MIRI Research Associate Vadim Kosoy has a paper out on issues in naturalized induction: “Forecasting using incomplete models”. Abstract:
We consider the task of forecasting an infinite sequence of future observations based on some number of past observations, where the probability measure generating the observations is “suspected” to satisfy one or more of a set of incomplete models, i.e., convex sets in the space of probability measures.
This setting is in some sense intermediate between the realizable setting where the probability measure comes from some known set of probability measures (which can be addressed using e.g. Bayesian inference) and the unrealizable setting where the probability measure is completely arbitrary.
We demonstrate a method of forecasting which guarantees that, whenever the true probability measure satisfies an incomplete model in a given countable set, the forecast converges to the same incomplete model in the (appropriately normalized) Kantorovich-Rubinstein metric. This is analogous to merging of opinions for Bayesian inference, except that convergence in the Kantorovich-Rubinstein metric is weaker than convergence in total variation.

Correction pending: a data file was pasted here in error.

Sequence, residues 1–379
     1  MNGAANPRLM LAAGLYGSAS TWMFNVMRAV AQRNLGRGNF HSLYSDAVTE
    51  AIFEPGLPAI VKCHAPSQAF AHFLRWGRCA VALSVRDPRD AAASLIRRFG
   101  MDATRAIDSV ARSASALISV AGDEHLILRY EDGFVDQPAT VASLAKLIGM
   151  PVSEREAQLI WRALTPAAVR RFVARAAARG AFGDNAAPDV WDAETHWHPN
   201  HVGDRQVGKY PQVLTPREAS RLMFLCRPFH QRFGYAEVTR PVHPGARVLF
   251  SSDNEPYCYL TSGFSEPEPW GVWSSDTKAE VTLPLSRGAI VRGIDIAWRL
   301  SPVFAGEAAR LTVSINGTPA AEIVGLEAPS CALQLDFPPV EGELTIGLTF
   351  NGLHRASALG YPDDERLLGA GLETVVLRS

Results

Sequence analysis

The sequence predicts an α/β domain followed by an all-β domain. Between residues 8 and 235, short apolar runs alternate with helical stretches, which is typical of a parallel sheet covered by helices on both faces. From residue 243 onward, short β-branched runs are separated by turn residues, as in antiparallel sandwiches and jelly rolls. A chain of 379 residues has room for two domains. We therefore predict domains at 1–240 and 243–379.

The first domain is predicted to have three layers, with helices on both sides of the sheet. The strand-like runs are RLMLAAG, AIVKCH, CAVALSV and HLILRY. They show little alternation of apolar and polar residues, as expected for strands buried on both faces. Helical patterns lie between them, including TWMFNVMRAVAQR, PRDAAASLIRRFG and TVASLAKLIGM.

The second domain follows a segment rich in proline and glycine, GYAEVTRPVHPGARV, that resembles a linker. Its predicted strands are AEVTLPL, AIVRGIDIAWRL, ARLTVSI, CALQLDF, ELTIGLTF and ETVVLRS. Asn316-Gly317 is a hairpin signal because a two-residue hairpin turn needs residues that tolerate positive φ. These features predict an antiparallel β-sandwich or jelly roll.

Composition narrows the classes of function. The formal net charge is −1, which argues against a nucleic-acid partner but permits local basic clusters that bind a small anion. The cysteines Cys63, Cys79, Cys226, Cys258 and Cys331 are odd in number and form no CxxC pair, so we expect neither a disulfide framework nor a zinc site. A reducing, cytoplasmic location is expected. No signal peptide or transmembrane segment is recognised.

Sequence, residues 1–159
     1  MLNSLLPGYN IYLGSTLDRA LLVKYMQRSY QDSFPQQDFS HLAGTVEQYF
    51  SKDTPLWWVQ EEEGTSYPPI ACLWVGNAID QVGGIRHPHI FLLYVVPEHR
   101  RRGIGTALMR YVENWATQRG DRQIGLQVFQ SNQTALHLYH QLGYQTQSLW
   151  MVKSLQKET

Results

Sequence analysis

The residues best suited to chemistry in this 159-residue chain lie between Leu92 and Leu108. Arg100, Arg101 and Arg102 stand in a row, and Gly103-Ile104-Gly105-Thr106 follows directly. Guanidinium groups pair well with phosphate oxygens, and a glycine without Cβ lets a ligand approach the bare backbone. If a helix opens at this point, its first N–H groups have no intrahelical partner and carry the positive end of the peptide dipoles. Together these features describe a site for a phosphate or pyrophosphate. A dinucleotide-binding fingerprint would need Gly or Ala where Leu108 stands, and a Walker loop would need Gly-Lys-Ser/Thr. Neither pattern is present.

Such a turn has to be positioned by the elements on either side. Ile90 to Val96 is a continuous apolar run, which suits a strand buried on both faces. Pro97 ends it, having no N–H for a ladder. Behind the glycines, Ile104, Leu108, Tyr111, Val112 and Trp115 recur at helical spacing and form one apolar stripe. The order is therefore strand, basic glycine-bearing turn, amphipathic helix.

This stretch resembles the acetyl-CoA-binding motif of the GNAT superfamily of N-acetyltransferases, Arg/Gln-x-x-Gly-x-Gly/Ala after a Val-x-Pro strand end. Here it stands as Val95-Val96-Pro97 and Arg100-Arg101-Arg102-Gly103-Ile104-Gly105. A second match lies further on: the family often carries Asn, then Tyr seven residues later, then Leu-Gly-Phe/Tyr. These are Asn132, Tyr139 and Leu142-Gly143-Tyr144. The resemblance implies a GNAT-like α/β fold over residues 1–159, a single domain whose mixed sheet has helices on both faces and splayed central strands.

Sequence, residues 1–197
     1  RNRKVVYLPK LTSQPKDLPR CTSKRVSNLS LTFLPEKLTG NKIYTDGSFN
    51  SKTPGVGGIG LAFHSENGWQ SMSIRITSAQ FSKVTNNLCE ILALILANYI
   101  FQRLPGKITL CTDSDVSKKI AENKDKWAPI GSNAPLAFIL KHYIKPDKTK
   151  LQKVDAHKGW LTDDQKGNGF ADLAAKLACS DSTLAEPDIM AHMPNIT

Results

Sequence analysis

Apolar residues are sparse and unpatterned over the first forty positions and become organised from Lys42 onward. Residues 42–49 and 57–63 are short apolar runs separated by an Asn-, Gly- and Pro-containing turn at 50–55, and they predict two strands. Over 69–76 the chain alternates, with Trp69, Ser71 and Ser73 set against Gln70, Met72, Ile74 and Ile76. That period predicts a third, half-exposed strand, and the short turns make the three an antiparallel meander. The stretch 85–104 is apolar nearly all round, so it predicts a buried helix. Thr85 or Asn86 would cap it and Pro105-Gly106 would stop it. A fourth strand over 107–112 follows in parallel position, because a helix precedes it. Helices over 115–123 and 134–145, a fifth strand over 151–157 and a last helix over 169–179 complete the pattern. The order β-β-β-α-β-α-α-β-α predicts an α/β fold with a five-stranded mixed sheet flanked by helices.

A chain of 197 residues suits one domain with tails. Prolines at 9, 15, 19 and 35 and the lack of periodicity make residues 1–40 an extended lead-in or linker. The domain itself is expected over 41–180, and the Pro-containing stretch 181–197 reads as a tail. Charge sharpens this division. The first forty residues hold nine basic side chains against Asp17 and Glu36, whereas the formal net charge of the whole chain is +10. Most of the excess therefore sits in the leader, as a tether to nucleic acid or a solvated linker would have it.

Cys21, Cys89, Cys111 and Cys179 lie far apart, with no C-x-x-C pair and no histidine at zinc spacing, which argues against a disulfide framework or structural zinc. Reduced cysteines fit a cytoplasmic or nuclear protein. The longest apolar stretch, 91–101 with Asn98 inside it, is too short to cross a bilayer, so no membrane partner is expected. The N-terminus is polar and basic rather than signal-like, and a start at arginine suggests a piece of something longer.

Kosoy’s work builds on logical inductors to create a cleaner (purely learning-theoretic) formalism for modeling complex environments, showing that the methods developed in “Logical induction” are useful for applications in classical sequence prediction unrelated to logic.
“Forecasting using incomplete models” also shows that the intuitive concept of an “incomplete” or “partial” model has an elegant and useful formalization related to Knightian uncertainty. Additionally, Kosoy shows that using incomplete models to generalize Bayesian inference allows an agent to make predictions about environments that can be as complex as the agent itself, or more complex — as contrasted with classical Bayesian inference.
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